Re: Dichromates ???

From: Ryuji Suzuki ^lt;>
Date: 11/12/05-03:30:29 AM Z
Message-id: <>

From: Yves Gauvreau <>
Subject: Re: Dichromates ???
Date: Wed, 09 Nov 2005 16:29:07 -0500

> Could there be a point then at which the dichromate crystals
> themselves or in solution, would become unusable because of exposure
> to heat, UV and whatever else might affect the dichromate?

Not that I know of, but this one is more of an empirical question than
theoretical one.

Water is a very very weak reducing agent (standard potential = 1.23 -
0.059pH Volts; usually viewed more as a weak oxidizing agent) and it
can only reduce very strong oxidizing agents. Dichromate's standard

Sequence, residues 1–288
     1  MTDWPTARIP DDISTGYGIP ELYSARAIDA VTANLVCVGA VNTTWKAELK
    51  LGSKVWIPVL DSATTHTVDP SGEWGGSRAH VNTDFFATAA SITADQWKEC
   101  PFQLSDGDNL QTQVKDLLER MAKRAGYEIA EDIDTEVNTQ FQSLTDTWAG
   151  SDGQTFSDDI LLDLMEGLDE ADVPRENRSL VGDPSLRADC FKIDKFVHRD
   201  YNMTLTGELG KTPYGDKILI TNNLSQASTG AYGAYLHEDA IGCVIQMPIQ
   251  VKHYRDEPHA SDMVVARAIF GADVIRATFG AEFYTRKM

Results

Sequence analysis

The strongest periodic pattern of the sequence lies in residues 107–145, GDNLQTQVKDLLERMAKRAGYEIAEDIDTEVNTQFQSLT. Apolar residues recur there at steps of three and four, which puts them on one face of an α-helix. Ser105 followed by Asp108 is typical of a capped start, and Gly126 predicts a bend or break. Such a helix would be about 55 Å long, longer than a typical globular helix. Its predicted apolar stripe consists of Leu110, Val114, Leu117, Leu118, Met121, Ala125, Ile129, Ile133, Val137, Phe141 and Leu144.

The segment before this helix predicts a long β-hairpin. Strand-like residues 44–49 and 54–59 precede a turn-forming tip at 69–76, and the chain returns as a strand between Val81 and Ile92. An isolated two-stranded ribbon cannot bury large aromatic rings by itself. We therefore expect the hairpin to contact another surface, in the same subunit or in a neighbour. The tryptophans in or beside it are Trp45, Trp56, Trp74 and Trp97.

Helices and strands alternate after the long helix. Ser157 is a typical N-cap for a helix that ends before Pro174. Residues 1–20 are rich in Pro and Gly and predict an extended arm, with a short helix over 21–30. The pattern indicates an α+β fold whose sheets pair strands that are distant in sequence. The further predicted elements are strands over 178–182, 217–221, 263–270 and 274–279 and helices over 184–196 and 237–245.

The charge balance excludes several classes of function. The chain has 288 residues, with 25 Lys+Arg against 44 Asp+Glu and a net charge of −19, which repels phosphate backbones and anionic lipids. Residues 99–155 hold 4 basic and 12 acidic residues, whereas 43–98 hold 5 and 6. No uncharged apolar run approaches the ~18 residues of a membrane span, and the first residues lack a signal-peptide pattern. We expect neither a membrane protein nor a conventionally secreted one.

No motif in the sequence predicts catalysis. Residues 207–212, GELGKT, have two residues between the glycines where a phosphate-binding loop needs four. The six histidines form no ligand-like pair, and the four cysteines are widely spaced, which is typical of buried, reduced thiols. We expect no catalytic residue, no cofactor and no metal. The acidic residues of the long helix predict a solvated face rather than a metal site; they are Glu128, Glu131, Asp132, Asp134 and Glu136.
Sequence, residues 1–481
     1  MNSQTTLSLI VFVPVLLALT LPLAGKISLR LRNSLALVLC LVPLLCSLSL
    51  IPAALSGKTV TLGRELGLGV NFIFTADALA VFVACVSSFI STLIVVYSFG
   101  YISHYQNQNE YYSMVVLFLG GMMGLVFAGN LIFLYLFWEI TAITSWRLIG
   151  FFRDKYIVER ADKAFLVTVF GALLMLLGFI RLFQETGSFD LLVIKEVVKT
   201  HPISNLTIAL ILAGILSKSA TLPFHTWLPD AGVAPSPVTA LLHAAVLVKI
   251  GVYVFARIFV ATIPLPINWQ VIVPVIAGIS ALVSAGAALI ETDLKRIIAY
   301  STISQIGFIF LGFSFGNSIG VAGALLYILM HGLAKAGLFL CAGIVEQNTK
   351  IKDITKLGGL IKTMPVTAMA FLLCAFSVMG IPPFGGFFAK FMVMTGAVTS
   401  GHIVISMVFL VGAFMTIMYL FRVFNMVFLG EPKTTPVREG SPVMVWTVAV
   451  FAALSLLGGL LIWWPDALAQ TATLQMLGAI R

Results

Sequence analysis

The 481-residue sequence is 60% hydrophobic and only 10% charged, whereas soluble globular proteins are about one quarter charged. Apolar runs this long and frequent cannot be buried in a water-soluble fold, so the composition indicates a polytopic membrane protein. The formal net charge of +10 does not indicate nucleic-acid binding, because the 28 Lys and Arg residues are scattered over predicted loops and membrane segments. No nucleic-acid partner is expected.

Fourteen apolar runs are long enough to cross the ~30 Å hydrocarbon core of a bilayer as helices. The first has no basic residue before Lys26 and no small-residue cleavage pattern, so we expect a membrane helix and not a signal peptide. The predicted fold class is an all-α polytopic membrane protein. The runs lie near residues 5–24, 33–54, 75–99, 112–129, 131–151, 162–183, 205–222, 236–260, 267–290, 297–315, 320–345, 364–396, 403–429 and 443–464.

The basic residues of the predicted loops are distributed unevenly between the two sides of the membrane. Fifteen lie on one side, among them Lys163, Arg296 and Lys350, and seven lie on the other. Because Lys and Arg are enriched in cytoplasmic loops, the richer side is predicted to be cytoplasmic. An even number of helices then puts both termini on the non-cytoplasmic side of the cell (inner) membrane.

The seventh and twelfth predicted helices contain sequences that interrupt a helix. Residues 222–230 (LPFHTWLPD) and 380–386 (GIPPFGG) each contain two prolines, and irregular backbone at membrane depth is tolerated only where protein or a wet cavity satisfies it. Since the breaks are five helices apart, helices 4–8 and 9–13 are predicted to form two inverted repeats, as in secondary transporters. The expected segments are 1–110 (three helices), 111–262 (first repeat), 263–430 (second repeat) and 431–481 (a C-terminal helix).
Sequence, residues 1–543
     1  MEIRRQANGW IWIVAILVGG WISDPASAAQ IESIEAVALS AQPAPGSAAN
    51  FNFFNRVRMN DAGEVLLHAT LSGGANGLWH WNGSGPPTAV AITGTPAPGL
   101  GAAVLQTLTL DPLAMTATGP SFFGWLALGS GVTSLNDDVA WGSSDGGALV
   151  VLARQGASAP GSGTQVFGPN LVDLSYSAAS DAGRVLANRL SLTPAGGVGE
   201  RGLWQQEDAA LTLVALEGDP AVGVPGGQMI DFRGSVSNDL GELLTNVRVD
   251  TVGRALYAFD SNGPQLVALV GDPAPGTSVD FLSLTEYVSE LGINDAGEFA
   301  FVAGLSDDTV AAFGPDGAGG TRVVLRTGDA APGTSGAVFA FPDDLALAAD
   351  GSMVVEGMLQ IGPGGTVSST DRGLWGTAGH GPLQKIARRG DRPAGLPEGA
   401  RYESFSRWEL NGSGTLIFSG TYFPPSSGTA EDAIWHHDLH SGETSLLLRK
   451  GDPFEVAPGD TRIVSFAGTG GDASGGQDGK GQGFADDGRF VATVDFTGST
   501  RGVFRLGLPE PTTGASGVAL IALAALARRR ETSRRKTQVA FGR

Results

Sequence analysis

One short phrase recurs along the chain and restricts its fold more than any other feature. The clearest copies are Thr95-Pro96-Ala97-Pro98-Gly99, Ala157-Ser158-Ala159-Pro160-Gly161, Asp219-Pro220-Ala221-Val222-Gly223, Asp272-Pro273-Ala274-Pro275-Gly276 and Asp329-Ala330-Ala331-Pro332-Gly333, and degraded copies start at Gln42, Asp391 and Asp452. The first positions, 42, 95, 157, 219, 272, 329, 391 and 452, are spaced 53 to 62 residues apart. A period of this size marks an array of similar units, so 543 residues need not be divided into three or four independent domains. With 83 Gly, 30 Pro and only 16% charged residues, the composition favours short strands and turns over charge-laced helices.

potential is 1.38V so theoretically the reaction may occur but the
difference is small considering the normal range of overpotential
required (0.6V or on that order), and if there's a redox reaction, it
would be very slow.

Besides water, for alcohols, see Mytych, Karocki, and Stasicka,
2003. Mechanism of photochemical reduction of chromium(VI) by alcohols
and its environmental aspects. J. Photochem. Photobio, A, 160,

> Would you happen to know the frequency or range of frequencies that
> dichromnates are most sensitive to?
> I assume this could vary with the various dichromates.

The peak is in 350 to 370nm range but there are multiple peaks. This
is well known and frequently published. For example, see Grimm, Hilke
and Scharrer, 1983. The mechanism o fthe cross linking of poly(vinyl
alcohol) by ammonium dichromate with U.V.-light. J. Electrochem. Soc.,
130, 1767--1771.
Received on Sat Nov 12 03:30:18 2005

This archive was generated by hypermail 2.1.8 : 12/01/05-02:04:49 PM Z CST